"Antarctica is around twice the size of Australia, with ice sheets severalkilometerss thick and containing around half of the world's fresh water," said Dr Kevin Welsh, at the University of Queensland, a co-author on the study.
"The East Antarctic Ice Sheet covers about two thirds of the area, and because its base is largely above sea level it was generally thought to be less sensitive to warming climates than the adjacent West Antarctic Ice Sheet.
"However, some areas – like the Wilkes Land Subglacial Basin, directly south of Australia – are below sea level and contain enough ice to raise global sea levels by several meterss.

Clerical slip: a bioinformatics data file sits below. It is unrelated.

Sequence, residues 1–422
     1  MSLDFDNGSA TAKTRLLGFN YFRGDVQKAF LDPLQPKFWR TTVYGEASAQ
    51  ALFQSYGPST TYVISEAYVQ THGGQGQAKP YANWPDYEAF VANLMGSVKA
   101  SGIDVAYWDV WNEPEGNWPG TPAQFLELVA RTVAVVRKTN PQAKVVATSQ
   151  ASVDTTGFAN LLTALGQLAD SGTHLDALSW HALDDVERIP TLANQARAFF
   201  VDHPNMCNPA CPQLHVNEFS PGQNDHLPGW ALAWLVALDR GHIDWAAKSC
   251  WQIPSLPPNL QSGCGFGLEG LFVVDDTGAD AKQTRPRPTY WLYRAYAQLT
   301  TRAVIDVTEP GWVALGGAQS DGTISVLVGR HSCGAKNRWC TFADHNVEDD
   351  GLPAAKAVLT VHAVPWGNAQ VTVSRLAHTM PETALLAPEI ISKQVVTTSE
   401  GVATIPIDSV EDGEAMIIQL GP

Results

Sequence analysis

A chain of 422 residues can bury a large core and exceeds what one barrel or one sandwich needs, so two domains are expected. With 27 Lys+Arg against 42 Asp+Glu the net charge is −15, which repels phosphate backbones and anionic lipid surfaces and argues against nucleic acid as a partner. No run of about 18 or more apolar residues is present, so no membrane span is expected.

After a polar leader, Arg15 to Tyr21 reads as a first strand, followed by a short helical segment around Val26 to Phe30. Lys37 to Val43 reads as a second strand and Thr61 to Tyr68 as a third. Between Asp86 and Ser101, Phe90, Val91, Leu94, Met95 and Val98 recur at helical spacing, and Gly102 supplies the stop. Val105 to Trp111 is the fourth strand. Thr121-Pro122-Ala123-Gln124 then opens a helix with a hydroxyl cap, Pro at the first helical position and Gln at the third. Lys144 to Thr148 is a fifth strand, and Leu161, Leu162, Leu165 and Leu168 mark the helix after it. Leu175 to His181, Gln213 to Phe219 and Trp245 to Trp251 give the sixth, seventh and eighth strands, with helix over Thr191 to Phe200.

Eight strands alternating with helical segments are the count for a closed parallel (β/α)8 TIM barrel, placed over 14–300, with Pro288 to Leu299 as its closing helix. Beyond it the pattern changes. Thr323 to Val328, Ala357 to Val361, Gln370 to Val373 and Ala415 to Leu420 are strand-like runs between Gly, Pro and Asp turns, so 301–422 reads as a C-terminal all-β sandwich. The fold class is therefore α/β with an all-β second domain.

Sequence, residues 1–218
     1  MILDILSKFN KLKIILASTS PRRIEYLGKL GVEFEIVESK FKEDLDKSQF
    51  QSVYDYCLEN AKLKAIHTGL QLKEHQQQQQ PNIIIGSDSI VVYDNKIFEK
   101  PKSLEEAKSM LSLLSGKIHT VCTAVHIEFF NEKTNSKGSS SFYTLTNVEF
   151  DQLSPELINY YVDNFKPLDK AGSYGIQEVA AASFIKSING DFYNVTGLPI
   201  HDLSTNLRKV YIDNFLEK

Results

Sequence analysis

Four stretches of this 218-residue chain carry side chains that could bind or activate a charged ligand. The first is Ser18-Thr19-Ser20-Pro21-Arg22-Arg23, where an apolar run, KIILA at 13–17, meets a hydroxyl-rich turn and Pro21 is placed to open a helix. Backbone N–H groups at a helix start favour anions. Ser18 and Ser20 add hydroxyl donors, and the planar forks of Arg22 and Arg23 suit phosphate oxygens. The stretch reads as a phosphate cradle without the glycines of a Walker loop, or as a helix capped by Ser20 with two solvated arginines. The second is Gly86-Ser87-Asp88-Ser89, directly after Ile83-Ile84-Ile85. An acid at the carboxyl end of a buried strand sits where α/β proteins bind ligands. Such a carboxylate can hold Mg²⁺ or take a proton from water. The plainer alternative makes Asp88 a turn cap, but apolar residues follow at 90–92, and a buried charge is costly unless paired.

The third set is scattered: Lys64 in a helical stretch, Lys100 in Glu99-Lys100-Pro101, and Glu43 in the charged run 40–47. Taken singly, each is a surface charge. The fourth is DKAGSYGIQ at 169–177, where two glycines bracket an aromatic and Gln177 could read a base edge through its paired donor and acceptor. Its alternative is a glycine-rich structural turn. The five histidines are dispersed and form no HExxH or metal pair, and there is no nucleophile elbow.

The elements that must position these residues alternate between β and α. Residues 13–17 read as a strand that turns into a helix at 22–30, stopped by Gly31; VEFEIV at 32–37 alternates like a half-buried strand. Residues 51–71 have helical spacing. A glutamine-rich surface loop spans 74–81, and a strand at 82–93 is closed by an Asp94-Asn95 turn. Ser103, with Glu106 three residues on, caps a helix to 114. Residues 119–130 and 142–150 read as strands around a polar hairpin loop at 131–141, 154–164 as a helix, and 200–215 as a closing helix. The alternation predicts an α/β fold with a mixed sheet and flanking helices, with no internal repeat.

"The evidence we have suggests that with the predicted 2°C warming in Antarctica – if sustained over a couple of millennia – the sheet would start melting in these locations."
Welsh's team examined historic ice movements to effectively predict the future.
Glaciers, which are created by ice sheets, grind up rocks on land.
These rocks are then transported into the nearby Southern Ocean as sediment. This creates a record of earlier erosion by the ice sheet.
Researchers chemically analyzed layers of sediment from the ocean floor, which would have originated from the Wilkes Subglacial Basin – collected as part of the Integrated Ocean Drilling Program.
The study looked at sediment layers that had settled on the seafloor during the four warm intervals occurring between ice ages over the last 450,000 years.
"Studying ice sheet behavior in the geological past can inform us about future changes," said Dr Wilson.